EXCLUSIVE: Swissport talks sustainable GSE with Airside International

EXCLUSIVE: Swissport talks sustainable GSE with Airside International
Swissport is investing €1bn over 10 years to achieve its GSE electrification strategy (Image credit: Swissport)

“Swissport is the largest operator of airport ground support equipment [GSE] in the world. At some 14,300 units of motorised GSE, our fleet is larger than even the asset pool of the sector’s biggest lessor,” CEO Warwick Brady said recently in an article he wrote on how the ground handler is evolving its sustainability strategy.

As such, the ground handler is investing €1bn (£855.5mn) over the next 10 years to electrify 55 per cent of its global GSE fleet by 2032 – which the CEO claims will help reduce the company’s emissions by 42 per cent compared to 2022 levels.

Brady explains that “for many fleet categories, electric GSE is already our standard”. As per Swissport’s electrification policy, the company is gradually phasing out the procurement of fossil-fuelled equipment.

“By 2027, we will only procure electric GSE, contingent upon the availability of the required equipment types and the provision of adequate charging points at airports.”

Airside spoke with Swissport’s global head of fleet, David Alejandro Fernández de Pedro, to find out more about how the ground handler will implement its GSE electrification policy. He says the company’s “proactive approach to promoting sustainability in airside operations” will result in 90 per cent of new motorised GSE purchases being fully-electric by 1 January 2027.

But, like many handlers, Swissport continues to face barriers to GSE electrification. Fernández de Pedro explains: “There are two primary challenges with regard to implementing electrification to achieve our sustainability targets. At Swissport, safety remains our utmost priority, and the safety concerns surrounding lithium-ion batteries, including the risk of explosion, have not yet been fully addressed.”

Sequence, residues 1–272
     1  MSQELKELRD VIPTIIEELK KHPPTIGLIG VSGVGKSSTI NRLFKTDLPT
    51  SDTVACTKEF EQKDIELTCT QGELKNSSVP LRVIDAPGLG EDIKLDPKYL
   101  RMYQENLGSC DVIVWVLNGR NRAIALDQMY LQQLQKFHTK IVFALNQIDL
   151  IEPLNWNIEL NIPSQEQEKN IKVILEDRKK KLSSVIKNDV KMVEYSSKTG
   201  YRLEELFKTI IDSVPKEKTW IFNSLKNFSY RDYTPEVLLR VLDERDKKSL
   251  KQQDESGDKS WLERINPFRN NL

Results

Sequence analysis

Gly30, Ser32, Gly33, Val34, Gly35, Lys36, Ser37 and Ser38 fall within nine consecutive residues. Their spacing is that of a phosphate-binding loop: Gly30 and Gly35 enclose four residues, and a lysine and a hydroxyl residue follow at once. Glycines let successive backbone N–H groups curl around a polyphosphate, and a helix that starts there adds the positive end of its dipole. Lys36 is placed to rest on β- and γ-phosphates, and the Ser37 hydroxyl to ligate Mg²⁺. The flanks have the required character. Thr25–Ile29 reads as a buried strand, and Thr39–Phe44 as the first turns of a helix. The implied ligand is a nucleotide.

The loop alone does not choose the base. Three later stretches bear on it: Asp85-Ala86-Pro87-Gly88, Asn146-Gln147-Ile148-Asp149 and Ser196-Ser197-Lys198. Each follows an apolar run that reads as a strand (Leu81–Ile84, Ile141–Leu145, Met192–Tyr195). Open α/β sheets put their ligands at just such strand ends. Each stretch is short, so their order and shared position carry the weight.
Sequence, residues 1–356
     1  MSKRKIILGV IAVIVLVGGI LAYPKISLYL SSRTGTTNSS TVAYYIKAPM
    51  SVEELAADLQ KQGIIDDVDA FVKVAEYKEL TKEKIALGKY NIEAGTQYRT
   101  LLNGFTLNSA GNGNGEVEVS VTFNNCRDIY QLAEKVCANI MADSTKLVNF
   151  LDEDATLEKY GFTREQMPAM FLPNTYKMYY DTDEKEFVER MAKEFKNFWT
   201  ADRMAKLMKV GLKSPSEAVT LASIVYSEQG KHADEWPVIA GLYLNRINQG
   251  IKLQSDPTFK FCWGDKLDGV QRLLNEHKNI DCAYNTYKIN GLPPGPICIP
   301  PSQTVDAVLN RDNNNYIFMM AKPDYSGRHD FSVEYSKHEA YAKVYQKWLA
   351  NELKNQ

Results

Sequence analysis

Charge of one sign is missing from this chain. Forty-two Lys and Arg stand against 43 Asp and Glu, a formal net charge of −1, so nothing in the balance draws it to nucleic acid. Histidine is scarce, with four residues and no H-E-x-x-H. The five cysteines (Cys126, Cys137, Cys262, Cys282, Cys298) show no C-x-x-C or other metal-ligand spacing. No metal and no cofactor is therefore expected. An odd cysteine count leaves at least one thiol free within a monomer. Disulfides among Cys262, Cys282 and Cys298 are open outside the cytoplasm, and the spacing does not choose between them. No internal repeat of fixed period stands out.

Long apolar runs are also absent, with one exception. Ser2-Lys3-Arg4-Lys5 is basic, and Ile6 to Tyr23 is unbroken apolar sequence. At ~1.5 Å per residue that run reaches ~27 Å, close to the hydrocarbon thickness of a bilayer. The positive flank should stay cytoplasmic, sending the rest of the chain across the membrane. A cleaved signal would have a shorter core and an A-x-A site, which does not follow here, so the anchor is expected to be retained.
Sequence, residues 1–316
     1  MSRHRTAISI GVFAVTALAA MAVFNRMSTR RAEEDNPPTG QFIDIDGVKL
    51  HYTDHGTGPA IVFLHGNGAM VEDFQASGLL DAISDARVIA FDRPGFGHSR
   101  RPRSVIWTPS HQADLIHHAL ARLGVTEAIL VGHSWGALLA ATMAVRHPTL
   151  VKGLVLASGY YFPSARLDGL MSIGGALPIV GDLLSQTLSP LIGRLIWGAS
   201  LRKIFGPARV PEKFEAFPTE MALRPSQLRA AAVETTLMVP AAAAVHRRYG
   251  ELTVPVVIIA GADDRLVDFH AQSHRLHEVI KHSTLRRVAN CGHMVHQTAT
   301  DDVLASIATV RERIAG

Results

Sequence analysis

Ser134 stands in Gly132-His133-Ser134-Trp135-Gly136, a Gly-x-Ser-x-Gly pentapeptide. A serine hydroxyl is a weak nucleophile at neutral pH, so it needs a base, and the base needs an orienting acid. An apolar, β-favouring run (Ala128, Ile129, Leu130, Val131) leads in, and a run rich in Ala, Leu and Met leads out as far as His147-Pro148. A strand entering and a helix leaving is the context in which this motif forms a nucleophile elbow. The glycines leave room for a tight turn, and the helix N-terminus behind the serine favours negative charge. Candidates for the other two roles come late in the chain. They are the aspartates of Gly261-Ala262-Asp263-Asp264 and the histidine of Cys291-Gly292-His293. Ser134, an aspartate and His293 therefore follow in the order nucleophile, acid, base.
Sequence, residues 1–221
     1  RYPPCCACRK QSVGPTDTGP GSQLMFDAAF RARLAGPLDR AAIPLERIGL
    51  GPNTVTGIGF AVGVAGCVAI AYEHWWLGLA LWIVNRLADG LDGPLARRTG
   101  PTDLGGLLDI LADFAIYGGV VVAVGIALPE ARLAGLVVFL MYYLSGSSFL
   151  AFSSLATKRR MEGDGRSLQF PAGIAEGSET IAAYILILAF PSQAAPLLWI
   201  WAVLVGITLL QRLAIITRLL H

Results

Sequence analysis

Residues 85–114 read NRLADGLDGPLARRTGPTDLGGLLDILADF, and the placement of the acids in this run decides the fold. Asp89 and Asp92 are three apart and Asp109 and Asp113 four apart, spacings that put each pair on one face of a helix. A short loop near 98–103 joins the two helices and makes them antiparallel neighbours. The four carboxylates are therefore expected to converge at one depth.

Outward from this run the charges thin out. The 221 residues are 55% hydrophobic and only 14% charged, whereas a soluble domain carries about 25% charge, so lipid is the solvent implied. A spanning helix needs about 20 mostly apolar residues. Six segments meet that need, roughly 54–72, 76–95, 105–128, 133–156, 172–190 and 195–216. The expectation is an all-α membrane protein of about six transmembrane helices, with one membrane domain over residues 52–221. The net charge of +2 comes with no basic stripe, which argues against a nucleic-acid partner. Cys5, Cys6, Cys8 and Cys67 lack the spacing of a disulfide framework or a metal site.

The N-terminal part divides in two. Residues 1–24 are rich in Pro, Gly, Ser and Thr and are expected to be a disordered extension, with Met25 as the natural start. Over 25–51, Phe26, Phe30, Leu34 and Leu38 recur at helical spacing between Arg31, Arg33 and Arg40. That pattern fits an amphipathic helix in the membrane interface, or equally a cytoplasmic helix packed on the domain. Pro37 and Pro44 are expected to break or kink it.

“This leads to continued reliance on less efficient and heavier lead-acid batteries” – and the high cost of lithium-ion batteries presents another challenge altogether.

Secondly, says Fernández de Pedro, “the lack of investment in electric grid infrastructure by many airports hampers the deployment of electric GSE chargers, which is a hurdle in the transition to electric ground support equipment”.

Meanwhile, lack of charging infrastructure continues to hinder GSE electrification initiatives worldwide – which Swissport also continues to experience, Fernández de Pedro acknowledges. He emphasises: “Without the proper investment from airports, the transition to electric GSE cannot proceed.

“Swissport collaborates closely with numerous airport authorities to [implement] the necessary infrastructure upgrades, but we cannot undertake infrastructure modifications without the participation of the airports.”

Ground handlers and GSE manufacturers alike have previously told Airside of their frustrations that airports are not providing the infrastructure needs at a pace in line with their electrification targets.

One company previously suggested that airports’ slow reaction to implement the charging infrastructure was a matter of cost, and airports not wanting to provide chargers when electric solutions could become inferior to introduction of hydrogen-powered equipment in the future.

According to Fernández de Pedro: “The frustration with the lack of charging infrastructure at airports for electric GSE is valid, and it sheds light on a scalability problem as more ground handlers adopt more electric GSE. However, blaming airports for not wanting to spend money is an oversimplification of the issue.

“Swissport doesn’t attribute blame to airports, but we try to show that investing in this area should not be seen as a business spend but as an investment in a new business opportunity. By offering charging stations and e-parking stands for rent, for example, airports can monetise their investment through various models such as charging per kWh.”

The global head of fleet believes once such potential for revenue generation is realised by airport partners, investment in the necessary charging infrastructure will “gain more traction”.

He continues: “Airports can better serve GSE operators, including ground handlers, in executing sustainable airside operations and expanding their electric GSE fleet by adapting their infrastructure to accommodate the unique requirements of electric GSE. This means rethinking airport layouts to ensure adequate proximity of GSE to aircraft stands, as well as allocating space for charging stations.

“Essentially,” Fernández de Pedro adds, “airport airside design needs to evolve in alignment with the operational characteristics of electric GSE to facilitate their efficient use and promote the growth of electric fleets.